28 September 2012

The thing about death is....

it's permanent.

There is no coming back from it.  And it's an inevitable conclusion to life.  And yet, we are so woefully unprepared for it.  Not our own.  In so many ways, it's easier to accept it for oneself.  But for our family and friends it is something we wish we could change.  And it's a visceral and selfish desire because ultimately it is our life which is affected most profoundly by the loss of another.

The outpouring of sympathy for Jill Meagher's husband and family comes from the realisation that what happened to Jill was so random, that it could have happened to any of us.  And while our sympathy, thoughts and prayers are real, there is always an element of relief that it is not us.  Because how many of us have had no clue how we got home after a big night out, have refused lifts because the fresh air would do us good or have encountered dickheads along the way who might have given us a hard time but have passed on by?

A work colleague has been diagnosed with a terminal illness and we endeavour to wrap our minds around how one of the stalwarts of the company is no longer going to be around.  How do we we move from after work drinks, dinner parties and water cooler conversations to a silence that is irreversible?

Whether its sudden or drawn out, death creates an absence in our lives which we have to resolve - Find a new confidante, a new friend, a substitute mother, a mentor or hero.  Whether our relationship with the person was positive or plagued with difficulties, they generally help shape us, our world views and the person we become and sometimes, when they are no longer there - we wonder who we will be.  What might have been different if we'd had a bigger conversation or indeed a different conversation altogether?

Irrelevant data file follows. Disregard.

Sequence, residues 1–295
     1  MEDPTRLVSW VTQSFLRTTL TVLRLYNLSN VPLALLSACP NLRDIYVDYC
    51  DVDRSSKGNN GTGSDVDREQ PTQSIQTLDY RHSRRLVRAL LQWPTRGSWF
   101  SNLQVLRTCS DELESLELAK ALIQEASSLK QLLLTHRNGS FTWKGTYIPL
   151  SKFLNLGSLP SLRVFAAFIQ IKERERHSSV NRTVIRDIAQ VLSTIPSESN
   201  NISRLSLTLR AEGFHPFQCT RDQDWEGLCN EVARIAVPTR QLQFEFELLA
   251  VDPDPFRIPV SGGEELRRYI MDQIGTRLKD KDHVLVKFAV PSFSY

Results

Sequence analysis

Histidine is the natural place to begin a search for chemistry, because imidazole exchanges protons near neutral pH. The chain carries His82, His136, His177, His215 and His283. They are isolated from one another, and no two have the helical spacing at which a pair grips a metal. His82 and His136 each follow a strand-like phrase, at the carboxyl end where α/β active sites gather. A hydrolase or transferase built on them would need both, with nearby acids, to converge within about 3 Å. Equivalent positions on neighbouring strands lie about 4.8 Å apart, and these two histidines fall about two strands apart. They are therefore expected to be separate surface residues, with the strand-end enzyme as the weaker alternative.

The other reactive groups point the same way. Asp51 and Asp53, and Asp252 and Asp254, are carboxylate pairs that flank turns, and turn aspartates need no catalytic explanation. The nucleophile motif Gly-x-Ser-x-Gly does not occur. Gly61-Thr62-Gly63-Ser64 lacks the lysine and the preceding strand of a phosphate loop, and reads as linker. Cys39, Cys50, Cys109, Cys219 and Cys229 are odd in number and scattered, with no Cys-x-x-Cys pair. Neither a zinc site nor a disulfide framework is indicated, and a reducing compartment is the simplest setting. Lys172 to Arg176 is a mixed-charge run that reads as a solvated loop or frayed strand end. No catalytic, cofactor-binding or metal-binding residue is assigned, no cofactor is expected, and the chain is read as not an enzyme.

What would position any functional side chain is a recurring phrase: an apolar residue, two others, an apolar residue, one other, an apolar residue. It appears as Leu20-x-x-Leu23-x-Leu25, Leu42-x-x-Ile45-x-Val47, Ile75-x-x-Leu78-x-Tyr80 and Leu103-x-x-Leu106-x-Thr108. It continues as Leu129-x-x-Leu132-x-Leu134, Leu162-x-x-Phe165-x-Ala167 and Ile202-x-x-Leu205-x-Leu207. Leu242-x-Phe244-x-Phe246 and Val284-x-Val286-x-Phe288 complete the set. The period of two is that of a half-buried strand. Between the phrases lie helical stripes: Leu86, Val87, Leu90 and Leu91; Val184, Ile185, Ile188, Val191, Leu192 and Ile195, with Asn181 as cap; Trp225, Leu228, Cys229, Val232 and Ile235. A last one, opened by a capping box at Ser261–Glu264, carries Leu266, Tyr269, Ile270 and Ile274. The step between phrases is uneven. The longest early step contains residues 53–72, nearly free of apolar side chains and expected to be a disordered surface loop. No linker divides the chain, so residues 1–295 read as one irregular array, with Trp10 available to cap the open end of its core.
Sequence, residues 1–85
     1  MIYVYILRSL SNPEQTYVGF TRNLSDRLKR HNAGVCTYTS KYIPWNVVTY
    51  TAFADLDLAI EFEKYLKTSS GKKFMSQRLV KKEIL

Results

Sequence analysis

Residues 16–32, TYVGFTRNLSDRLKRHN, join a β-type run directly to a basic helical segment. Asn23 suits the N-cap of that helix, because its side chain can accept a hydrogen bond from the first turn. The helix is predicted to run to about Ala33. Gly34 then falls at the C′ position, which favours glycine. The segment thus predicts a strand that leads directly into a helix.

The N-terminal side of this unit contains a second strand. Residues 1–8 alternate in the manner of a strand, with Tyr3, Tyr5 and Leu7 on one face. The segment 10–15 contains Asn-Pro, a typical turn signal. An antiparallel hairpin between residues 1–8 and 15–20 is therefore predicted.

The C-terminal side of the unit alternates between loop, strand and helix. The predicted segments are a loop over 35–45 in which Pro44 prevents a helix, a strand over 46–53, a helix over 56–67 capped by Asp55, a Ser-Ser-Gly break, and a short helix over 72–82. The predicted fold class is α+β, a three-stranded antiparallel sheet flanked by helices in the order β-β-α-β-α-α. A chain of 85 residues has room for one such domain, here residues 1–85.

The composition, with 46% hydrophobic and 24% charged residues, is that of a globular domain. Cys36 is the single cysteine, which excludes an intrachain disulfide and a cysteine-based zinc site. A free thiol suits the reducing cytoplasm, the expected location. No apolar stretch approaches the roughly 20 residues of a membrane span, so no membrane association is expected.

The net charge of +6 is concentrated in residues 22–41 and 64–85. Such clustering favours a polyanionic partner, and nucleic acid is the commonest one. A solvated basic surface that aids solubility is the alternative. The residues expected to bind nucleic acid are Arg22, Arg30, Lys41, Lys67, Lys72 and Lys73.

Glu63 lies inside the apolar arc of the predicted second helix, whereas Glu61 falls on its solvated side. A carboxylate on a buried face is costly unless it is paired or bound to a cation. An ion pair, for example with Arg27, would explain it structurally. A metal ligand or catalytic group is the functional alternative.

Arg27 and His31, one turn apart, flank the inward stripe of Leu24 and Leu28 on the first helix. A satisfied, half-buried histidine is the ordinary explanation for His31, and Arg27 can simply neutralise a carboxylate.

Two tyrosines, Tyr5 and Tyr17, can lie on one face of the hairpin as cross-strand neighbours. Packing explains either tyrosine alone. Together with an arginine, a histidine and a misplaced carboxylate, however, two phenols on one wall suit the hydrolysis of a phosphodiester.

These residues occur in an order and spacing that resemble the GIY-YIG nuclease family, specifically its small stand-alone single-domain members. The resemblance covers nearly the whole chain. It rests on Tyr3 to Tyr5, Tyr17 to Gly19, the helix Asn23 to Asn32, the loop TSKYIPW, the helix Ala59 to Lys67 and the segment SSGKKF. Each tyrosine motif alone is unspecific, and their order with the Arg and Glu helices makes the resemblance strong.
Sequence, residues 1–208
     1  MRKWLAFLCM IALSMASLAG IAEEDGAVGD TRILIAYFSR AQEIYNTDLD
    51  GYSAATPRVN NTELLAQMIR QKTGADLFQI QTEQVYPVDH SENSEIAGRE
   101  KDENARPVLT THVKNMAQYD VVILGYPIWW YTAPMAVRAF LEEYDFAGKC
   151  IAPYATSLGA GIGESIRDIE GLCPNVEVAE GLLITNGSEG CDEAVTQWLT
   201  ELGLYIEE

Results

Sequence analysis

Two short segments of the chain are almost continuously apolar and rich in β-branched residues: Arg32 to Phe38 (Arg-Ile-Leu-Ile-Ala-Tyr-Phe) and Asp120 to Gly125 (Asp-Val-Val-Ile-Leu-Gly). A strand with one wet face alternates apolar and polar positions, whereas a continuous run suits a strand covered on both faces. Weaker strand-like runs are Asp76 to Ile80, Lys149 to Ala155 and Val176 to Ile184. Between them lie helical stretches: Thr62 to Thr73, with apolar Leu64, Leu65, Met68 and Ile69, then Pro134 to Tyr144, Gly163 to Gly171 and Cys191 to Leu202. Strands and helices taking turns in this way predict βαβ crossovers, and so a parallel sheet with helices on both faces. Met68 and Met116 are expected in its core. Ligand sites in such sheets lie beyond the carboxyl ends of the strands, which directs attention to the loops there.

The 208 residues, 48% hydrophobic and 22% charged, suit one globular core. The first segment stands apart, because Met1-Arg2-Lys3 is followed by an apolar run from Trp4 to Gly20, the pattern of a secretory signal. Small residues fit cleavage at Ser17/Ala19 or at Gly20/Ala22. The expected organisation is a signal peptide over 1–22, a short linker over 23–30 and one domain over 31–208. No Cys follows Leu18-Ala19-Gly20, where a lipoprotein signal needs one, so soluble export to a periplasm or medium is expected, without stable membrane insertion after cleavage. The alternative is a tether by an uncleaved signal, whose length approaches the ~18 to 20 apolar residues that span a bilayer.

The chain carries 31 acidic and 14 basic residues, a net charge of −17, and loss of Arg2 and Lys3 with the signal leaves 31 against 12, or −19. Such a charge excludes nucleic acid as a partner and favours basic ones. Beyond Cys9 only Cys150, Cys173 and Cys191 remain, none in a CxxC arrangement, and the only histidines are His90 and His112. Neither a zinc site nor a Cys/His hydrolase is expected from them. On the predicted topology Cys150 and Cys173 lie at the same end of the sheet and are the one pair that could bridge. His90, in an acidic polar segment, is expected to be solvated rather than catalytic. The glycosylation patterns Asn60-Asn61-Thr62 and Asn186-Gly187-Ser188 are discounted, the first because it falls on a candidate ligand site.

And we miss them. And that doesn't change.  Not even with hallmark sentiments like 'to live in the hearts of those you leave behind is not to die'.  Because the physicality of death can never be eradicated by the fluidity and frailty of memory.

So, trite as it may seem, we should embrace life with both hands and our friends and family too. So that when the party is over there are no unfinished conversations and you can be remembered for who you are - with no whitewashing you into some kind of sainted creature with no flip side.

Because for myself, I do not want to be remembered in glowing cliches but as myself*.  Permanently.

*Awesome, self aware and occasionally (like once or twice only) - wrong.

24 September 2012

Not so sweet on confectionery

Am I just ageing in some cantankerous manner or are the sweets of 2012 not a patch on the lollies we ate back in the 80s?

Obviously lollies were a huge treat but when you got them they dripped with flavour and texture.  These days they nearly all just taste execrably sweet and are no more distinctive than the paint colour white is from the paint colour bridal.

I loved the milk bottles, pineapples and strawberry creams and would hunt them out of a party bowl the way Lindsay Lohan hunts out a PR disaster.  The jawbreaker gum was so flavour intense it used to give me a headache even before I almost broke my jaw crunching down on the exterior.